The leaf scorch is probably not caused by a disease or insect but rather a result of several dry winters, followed by hot weather and summer drought. Symptoms of drought injury on tree leaves include scorch, brown or curling at outside edges, wilting and yellowing. Leaf scorch can also be a symptom of poor plant location, compacted soil or lack of winter water. Maples are not as drought tolerant as some other deciduous trees. Drought stress may not kill the tree but can leave it susceptible to insect and disease infestations in coming years.
Periods of drought are normal for Colorado's Front Range. A regular watering program for trees should take place from April to September. During water restrictions, lawn irrigation systems will not adequately water your trees. For each inch of trunk diameter, use 10 gallons of water for each watering. Measure the tree at knee height. If you hand water using a hose at medium pressure, it will take about 5 minutes to produce 10 gallons of water. Deep root feeders and soaker hoses also provide about 2 gallons per minute. The simple formula is tree diameter x 5 minutes=Total Watering Time. Water trees three times per month in the spring and summer. The most important area to water is the distance from a point halfway between the trunk and the outer stretch of branches to about one foot beyond the "drip line" or branch extremities.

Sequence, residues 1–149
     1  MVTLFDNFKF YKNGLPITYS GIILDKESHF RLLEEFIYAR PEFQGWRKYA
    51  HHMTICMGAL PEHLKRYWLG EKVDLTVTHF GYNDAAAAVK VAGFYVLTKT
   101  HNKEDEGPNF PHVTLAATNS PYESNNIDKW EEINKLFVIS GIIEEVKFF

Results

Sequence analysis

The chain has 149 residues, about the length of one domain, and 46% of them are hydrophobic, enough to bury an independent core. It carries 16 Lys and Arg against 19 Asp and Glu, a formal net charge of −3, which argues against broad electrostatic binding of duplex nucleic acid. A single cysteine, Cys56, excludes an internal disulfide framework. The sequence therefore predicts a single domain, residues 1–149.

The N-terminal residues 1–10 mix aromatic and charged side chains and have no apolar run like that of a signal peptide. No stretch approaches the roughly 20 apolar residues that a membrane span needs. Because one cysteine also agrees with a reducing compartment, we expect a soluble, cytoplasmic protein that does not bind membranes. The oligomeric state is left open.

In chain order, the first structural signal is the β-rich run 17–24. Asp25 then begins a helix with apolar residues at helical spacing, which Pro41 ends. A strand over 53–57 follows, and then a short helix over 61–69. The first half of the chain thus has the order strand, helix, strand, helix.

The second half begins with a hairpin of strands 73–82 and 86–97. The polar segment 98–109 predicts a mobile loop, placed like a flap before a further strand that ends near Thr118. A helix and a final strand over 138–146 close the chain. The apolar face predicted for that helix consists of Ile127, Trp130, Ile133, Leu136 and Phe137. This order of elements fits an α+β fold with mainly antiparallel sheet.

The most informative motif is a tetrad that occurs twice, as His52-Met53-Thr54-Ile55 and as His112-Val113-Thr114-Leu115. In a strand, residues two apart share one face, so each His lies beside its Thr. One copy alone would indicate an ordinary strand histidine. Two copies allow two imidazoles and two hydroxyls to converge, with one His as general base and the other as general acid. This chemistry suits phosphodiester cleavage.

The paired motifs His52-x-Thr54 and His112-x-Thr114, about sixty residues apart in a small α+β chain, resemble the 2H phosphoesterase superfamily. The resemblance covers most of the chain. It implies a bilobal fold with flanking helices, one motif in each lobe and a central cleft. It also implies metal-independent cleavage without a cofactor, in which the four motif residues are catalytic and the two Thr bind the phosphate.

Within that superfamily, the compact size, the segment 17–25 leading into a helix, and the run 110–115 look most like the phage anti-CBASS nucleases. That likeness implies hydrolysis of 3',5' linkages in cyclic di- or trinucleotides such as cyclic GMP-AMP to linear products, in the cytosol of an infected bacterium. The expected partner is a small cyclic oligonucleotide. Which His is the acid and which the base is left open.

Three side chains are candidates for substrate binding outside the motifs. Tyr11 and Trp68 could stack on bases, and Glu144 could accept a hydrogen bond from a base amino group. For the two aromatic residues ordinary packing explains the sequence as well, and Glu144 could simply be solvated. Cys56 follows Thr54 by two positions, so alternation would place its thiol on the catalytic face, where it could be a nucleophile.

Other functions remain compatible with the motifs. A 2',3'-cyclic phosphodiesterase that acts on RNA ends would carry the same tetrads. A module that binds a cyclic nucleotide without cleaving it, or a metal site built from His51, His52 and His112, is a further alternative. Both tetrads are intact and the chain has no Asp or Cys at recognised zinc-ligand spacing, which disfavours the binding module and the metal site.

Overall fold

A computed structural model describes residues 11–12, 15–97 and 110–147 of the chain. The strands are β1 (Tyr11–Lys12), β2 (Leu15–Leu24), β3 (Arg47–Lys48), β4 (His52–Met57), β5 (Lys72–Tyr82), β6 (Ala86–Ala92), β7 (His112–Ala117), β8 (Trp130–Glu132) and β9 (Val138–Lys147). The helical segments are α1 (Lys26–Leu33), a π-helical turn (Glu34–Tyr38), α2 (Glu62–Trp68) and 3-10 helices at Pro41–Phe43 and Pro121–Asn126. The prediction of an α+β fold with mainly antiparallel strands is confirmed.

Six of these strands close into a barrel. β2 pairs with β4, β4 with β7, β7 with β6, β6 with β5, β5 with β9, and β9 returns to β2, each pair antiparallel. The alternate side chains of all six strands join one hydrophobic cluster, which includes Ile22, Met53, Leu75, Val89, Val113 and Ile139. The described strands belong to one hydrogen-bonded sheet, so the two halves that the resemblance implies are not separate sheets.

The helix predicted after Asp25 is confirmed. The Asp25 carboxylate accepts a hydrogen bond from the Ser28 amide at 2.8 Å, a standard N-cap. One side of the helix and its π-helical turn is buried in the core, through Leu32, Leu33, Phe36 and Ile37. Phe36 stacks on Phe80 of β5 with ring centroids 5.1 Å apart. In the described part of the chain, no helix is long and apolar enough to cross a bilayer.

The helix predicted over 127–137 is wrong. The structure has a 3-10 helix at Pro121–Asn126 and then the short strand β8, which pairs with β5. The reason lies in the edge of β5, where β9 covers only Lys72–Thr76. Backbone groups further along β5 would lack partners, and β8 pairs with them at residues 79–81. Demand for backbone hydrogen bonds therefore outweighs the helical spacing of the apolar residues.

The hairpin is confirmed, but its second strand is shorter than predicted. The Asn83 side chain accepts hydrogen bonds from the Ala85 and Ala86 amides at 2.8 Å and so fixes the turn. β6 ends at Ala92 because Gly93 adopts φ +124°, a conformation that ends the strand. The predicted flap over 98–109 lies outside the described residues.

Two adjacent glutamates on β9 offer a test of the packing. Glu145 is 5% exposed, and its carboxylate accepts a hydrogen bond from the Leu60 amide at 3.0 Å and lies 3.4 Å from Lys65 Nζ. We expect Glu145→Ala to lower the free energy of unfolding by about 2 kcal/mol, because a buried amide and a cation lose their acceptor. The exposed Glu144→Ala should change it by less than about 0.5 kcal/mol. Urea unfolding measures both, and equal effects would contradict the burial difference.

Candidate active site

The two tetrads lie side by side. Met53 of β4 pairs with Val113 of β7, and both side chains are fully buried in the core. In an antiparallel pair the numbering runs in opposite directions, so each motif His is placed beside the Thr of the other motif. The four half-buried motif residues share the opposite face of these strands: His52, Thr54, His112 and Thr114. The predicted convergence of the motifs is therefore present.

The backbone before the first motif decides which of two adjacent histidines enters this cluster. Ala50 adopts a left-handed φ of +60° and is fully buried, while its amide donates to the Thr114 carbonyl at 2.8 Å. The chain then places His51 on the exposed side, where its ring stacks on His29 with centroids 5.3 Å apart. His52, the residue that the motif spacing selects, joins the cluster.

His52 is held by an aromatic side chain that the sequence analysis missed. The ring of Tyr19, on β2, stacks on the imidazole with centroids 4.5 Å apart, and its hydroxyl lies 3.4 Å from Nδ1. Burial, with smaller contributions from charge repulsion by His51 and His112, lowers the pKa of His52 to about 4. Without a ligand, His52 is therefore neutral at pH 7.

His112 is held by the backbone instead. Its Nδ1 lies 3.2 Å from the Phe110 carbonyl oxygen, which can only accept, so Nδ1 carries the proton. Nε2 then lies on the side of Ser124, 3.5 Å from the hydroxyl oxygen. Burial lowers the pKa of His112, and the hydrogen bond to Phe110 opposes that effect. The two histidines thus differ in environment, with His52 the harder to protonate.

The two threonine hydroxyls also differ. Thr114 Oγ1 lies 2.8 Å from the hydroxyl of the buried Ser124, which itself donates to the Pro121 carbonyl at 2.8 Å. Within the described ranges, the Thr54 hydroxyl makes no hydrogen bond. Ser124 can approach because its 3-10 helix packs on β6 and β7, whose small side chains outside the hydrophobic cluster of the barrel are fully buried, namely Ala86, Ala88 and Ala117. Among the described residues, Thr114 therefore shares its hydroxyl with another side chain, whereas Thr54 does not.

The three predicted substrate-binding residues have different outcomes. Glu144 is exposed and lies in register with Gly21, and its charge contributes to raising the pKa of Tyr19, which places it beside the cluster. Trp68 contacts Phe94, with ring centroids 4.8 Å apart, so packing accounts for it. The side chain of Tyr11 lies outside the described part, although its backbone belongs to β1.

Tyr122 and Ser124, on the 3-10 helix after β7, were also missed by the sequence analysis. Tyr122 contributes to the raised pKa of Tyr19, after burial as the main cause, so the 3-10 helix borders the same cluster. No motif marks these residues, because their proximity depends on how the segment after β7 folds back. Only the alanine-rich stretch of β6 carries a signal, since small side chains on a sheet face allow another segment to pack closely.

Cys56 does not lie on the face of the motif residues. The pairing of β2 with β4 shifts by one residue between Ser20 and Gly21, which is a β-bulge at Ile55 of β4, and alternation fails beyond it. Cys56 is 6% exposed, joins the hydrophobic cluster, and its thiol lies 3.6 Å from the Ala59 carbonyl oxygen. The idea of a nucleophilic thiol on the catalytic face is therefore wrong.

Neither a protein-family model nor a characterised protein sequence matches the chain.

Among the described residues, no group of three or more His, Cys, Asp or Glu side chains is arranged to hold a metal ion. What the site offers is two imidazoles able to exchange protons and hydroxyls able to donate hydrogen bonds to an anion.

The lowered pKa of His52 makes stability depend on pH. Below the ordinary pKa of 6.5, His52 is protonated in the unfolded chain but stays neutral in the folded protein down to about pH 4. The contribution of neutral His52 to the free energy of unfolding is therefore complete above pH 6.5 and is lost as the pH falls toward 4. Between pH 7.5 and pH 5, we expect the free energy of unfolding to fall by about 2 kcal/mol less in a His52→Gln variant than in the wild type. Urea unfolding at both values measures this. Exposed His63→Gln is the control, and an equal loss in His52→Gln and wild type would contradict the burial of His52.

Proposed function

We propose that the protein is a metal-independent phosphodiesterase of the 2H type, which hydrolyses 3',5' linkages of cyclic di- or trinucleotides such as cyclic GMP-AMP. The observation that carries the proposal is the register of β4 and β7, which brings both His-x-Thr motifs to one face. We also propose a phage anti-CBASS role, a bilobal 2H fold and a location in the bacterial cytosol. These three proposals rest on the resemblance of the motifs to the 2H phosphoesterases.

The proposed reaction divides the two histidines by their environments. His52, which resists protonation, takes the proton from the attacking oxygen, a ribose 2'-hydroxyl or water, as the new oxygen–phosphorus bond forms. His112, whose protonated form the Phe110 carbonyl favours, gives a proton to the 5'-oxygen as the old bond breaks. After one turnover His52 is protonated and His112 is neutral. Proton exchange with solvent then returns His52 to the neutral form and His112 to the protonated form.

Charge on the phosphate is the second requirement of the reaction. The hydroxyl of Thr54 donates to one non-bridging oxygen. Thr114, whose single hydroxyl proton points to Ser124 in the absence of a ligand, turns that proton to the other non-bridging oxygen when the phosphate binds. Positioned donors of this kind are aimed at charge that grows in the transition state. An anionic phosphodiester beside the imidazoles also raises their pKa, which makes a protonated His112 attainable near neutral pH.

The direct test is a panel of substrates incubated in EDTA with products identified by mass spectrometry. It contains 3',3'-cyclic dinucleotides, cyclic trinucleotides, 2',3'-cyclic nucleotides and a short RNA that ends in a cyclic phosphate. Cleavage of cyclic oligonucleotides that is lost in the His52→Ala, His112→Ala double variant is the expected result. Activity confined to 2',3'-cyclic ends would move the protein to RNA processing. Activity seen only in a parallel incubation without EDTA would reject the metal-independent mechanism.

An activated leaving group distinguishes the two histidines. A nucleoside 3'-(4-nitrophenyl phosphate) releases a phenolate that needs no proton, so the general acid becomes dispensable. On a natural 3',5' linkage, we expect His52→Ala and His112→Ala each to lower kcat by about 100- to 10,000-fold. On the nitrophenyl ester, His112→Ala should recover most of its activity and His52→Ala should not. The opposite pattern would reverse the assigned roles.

Continue watering in fall and winter during extensive dry periods, particularly October through February when there may be little snow cover. Evergreens, Norway maples, silver maples and other shallow rooted trees require supplemental watering in fall and winter. Winter watering is especially important for newly planted trees. Water when the ground is not frozen, and early in the day so water will soak in before nighttime freezing. See Fall and Winter Watering
, 7.211, or call the Cooperative Extension office in your county.